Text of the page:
function userReducer(state = initialState, action) {
  switch (action.type) {
  case 'USER_UPDATE_FIRSTNAME':
    // ES7 Object spread or ...
    return {...state, firstname: action.newFirstName }
    // ... ES6 Object assign
    return Object.assign({}, state, {firstname: action.newFirstName} })
  default:
    return state
  }
}

Several things to notice here:

  • We always return the previous state as default. This is in case no actions match, we do not want anything to change so we return the old state.
  • We always return a new reference. That’s what pure functions do. Immutability has also a performance benefit as your app can know if your state changed or not simply by === it.
  • We always have an initial state. That will be the value of your state when the app starts.

Now that we know our primitive concepts: Store, Actions and Reducers we need to learn how everything work together.

Creating a store

To create a store you need to register all the reducers of your app using combineReducers method:

import { createStore, combineReducers } from 'redux'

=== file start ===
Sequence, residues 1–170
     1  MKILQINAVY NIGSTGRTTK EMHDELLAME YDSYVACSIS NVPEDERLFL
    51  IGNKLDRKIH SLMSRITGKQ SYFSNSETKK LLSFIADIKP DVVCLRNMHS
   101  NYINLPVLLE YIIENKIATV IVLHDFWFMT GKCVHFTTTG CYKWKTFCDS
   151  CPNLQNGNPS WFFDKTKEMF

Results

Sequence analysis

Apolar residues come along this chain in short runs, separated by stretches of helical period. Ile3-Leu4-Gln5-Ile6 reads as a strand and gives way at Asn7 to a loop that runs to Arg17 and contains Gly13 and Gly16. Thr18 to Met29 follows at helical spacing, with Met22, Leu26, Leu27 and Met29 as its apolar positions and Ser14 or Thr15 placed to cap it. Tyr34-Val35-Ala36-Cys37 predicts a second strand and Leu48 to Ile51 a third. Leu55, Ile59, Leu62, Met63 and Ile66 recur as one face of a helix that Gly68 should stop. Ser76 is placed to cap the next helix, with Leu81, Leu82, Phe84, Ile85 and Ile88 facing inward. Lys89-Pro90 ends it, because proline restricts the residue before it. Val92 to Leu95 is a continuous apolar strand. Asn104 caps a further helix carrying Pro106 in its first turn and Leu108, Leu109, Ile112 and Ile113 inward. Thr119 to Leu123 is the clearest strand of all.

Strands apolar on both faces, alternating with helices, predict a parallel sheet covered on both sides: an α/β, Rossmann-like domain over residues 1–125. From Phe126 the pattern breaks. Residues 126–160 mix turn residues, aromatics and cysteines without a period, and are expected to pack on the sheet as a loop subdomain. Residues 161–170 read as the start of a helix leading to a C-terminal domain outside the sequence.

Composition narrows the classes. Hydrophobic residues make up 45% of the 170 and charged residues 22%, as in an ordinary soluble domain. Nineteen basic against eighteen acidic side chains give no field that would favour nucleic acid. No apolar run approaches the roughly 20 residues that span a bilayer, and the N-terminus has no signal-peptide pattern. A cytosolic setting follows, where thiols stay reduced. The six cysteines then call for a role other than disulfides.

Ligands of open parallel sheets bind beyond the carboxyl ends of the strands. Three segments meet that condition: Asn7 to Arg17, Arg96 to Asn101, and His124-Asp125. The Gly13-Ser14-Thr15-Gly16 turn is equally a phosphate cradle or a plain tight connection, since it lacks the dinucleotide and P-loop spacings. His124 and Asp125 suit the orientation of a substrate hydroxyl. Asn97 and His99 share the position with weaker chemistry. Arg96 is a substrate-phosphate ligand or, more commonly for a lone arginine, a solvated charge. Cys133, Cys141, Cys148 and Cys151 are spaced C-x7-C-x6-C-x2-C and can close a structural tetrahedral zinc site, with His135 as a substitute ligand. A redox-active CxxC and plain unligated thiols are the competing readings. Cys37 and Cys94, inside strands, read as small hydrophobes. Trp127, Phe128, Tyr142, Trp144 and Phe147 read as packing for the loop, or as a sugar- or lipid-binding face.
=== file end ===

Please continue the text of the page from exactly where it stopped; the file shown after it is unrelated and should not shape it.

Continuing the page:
import reducerIsMenuOpened from './reducers/isMenuOpened'
import reducerUser from './reducers/user'

// Create a store with several reducers
let store = createStore(combineReducers({
  isMenuOpened: reducerIsMenuOpened,
  user: reducerUser
})

Now we can use the store reference to subscribe, dispatch, or getState. These are the only methods you will need.

getState method returns the state tree at the moment you ask:

store.getState()

subscribe is called whenever the state tree changes:

store.subscribe(() => console.log(store.getState())

The only way to change the state tree is to emit an action through a dispatch method:

store.dispatch(action)

Let’s try it out!

// Subscribe to any change and dump in the console
store.subscribe(() => console.log(store.getState())

// Dump the initial state:
console.log(store.getState())
/*
{
  "isMenuOpened": false,
  "user" : {
    "firstname": "Julien"
  }
}
*/
const actionMenuOpen = {
  type: 'MENU_OPEN'
}
store.dispatch(actionMenuOpen)
// Dumps
/*
{
  "isMenuOpened": true,
  "user" : {
    "firstname": "Julien"
  }
}
*/
const actionChangeFirstName = {
  type: 'USER_UPDATE_FIRSTNAME',
  newFirstName: 'Marie'
}
store.dispatch(actionChangeFirstName)
// Dumps
/*
{
  "isMenuOpened": true,
  "user" : {
    "firstname": "Marie"
  }
}
*/

Now that we learnt Redux basics (Store, Actions and Reducers), let see how to use it with React.

React-redux

React-redux is the official library that supports React bindings for Redux.

Installation

npm install --save redux react-redux

Creating a store

With React-redux you do not need to subscribe to store changes in your components.

To create the store we only need redux and it is exactly the same as if you were using vanilla ES6 JavaScript.

import { combineReducers } from 'redux'
import reducerIsMenuOpened from './reducers/isMenuOpened'
import reducerUser from './reducers/user'